- adapt–This should be what we use instead of adoption. We should use adaptation.
- arrange–What was out of order?
- rearrange–What was disorganized?
- change–What needs to be changed? In the child? In you?
- rework–Aren’t they perfect in God’s sight?
- remodel–Was the old model not good enough?
- convert-What are we converting our kids into?
- improve–Was there something that needs improvement? It’s not like this is a test grade they failed.
- enhance-Bigger and better for whom?
- customize-To fit whom?
- repair–What was damaged?
- fix–What is broken?
- correct–Was something incorrect?
- rectify–Were they somehow not straight?
- put right-Were they somehow wrong?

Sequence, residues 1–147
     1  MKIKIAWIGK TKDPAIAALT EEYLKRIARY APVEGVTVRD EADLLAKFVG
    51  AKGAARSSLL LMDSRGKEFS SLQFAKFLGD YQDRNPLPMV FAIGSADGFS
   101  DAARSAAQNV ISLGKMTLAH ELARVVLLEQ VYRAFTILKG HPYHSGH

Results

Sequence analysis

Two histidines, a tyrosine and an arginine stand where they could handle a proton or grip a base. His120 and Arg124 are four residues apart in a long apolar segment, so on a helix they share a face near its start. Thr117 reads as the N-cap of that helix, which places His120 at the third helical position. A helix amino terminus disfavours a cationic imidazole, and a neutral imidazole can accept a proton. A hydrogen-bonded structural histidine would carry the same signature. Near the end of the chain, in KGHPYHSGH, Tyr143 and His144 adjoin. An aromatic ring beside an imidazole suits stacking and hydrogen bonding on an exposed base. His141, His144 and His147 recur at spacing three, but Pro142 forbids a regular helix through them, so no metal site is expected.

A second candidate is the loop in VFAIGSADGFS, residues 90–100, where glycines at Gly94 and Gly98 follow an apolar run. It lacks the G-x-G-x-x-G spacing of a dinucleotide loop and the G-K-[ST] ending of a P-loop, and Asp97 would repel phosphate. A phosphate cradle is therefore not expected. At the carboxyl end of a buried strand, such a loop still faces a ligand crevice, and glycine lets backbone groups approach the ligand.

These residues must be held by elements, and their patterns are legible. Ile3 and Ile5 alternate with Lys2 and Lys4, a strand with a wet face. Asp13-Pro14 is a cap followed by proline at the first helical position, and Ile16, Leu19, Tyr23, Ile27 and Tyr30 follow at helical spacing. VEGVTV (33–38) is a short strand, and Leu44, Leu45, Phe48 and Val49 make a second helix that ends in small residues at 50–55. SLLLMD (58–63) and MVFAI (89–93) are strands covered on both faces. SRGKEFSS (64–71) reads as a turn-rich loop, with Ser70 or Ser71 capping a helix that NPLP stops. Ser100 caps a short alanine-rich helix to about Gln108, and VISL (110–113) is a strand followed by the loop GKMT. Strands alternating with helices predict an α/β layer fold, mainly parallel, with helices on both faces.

- tweak–What needed improvement?
Adjustment should not be about not dealing with the pains the child is feeling. It should not be about rejoicing because the child no longer has night terrors, or wets the bed, or hits his friend, or cries at night.
Adjustment should be about understanding why the child is or is not doing the above things and walking the journey with them. Adjustment should come from the adoptive parent and also the child because it should never be one-sided.
I hear way too many adoptive parents saying “yeah, he’s fit right in. He’s adjusted” and then they have not taken the steps to adjust to the child. They have not taken the step forward to try and fit into their culture, race, language or people group.
I feel that adjustment is so much more than a smile in a picture. I feel that adjustment is so much more than a child calling me “mom” though I didn’t birth the child.
Adjustment is so much more than “getting along.” Because it is way too common that children who appeared well adjusted as kids, regress as adults. Sometimes adjustment can be coated with being the “good” adoptee and that coat of paint becomes too heavy once they reach adulthood.